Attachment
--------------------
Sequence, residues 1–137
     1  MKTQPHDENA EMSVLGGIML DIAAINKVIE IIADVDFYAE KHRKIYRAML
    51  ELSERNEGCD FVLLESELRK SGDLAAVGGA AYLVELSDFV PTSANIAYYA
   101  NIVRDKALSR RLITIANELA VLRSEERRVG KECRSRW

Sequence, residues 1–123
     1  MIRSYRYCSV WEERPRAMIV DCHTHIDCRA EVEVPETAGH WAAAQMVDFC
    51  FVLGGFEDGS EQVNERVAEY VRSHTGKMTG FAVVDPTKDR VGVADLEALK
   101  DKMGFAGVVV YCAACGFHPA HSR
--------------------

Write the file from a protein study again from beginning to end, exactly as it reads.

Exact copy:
Sequence, residues 1–137
     1  MKTQPHDENA EMSVLGGIML DIAAINKVIE IIADVDFYAE KHRKIYRAML
    51  ELSERNEGCD FVLLESELRK SGDLAAVGGA AYLVELSDFV PTSANIAYYA
   101  NIVRDKALSR RLITIANELA VLRSEERRVG KECRSRW

Sequence, residues 1–123
     1  MIRSYRYCSV WEERPRAMIV DCHTHIDCRA EVEVPETAGH WAAAQMVDFC
    51  FVLGGFEDGS EQVNERVAEY VRSHTGKMTG FAVVDPTKDR VGVADLEALK
   101  DKMGFAGVVV YCAACGFHPA HSR